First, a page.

Sector 2337 Wants To Challenge What a Book can Be
Interview with a Bookstore: Sector 2337 + The Green Lantern Press
Located in Chicago, Sector 2337 began as The Green Lantern Gallery and Press in 2005. After closing in 2011 and re-opening briefly, it reopened again in Logan Square under its new name, Sector 2337, where it operates as a bookstore, gallery, and performance space. The Green Lantern Press continues to produce nonprofit exhibitions and books.
What would you say is your bookstore’s specialty?
Caroline Picard (Codirector, Sector 2337 and The Green Lantern Press): Poetry, small-batch contemporary art books, theory, and literature. We love small editions and independent presses. I also love art books from foreign countries and we carry a lot of those. Someone told me they felt like the Sector 2337 bookshop was the kind of place where you’d never find a mainstream title but instead leave with a book you’d never heard of and probably hadn’t imagined being made. I hope that’s true if only because when I find books like that, I am reminded that the world is full of unexpected possibilities.
Fulla Abdul-Jabbar (Assistant Editor, Green Lantern Press): Our store is really good at surprising people. In addition to our poetry, fiction, art + theory, and comics section, we have these large displays in the store that we try to switch up pretty regularly. There, we like to organize groupings of books across genres that resonate with the staff at the moment or that have contemporary relevance. So it’s common in our store that you’ll see an exquisitely produced art publication next to a poetry volume by an emerging author next to, say, Plato. We figure that since this is the way that books inhabit space in our homes and our minds, some of that genre play can be really fun when browsing more casually for a title and encountering something you would have never thought you needed in your life.
Sam Chao (Gallery Coordinator): How the bookstore attends to my scatteredness. I like how my moodiness is reassured as I can trust that there is always an experience that I can relate to in these shelves.
One day I had a sore throat and found an autoethnography, Visceral Poetics by Eleni Stecopoulos, on the poetry shelf. Simultaneously, I thought of a friend who decided to move back home to take care of his sick aunt. This would be a good book to sit with when you visit a friend or family member in a hospital and they happen to be sleeping. Another day I was feeling jetlagged and read Black Lavender Milk by Angel Dominguez.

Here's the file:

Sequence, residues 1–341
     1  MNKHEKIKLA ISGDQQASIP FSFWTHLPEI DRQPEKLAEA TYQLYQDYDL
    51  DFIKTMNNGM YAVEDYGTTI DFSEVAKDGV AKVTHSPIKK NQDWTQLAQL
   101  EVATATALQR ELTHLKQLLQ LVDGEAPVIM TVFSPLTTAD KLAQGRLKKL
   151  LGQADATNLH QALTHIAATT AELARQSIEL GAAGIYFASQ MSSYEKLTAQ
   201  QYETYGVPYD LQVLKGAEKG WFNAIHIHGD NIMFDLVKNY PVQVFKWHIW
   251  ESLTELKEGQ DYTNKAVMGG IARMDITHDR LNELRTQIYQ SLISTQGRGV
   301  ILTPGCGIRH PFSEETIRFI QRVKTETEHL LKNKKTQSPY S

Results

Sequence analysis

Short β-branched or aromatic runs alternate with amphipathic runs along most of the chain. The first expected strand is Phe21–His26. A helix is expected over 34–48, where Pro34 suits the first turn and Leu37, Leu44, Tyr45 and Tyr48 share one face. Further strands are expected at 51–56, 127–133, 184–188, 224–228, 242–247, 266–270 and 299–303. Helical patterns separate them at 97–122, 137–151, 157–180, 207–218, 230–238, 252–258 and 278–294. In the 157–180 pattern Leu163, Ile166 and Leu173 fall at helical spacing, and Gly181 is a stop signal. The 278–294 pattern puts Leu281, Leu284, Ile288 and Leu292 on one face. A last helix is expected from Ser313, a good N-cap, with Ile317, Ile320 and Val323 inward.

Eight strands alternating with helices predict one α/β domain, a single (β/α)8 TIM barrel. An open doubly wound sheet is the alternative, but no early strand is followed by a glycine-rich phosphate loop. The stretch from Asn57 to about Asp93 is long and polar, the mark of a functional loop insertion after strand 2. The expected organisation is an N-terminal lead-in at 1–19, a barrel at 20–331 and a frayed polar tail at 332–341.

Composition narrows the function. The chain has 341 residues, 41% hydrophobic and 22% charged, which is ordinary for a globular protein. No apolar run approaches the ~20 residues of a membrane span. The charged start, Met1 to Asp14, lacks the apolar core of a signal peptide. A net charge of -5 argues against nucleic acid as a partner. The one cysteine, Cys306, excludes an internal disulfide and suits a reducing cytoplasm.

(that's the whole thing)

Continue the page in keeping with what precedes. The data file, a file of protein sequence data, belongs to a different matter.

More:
Bec Hac (Bookstore Manager): A lot of our customers are invested in making their own books or publishing their own writing in some way. They come in with very specific, thoughtful concerns about how they want it to be, and find a lot of inspiration at our bookstore. Nearly every day I talk to someone who wants advice on a cover for their poetry chapbook, or recommendations for other publishers and art-book stores in the area. I think a lot of what we carry intends to challenge what a book can be, and you start to look at printed work, binding, content, everything that makes up a “book” in an exciting way.
Devin King (Codirector, Sector 2337 and The Green Lantern Press): Feeling good about knowing that 9 out of 10 other bookstores are filled with the same mainstream fiction.
What’s your favorite section of the store?
DK: This one shelf of used books that we have that has a copy of the Basic Writings of Heidegger, two Derek Raymond mysteries, and a Willa Cather book.
SC: The archive drawer for zines that Bec Hac set up. And the fact there is a place for pamphlets and zines. I like how thin and textural they are, the choice of paper, the montage element. I also like the reveal, when you open each drawer how they are laid out. In the unlabeled bottom drawers there are Green Lantern Press prints, and some of the archive, test proofs from the graphic designers for the Green Lantern Press.
BH: I like the table in the center of the bookstore. We can arrange the books visually, rather than alphabetically, so organizing it becomes intuitive.
What’s your favorite book to handsell?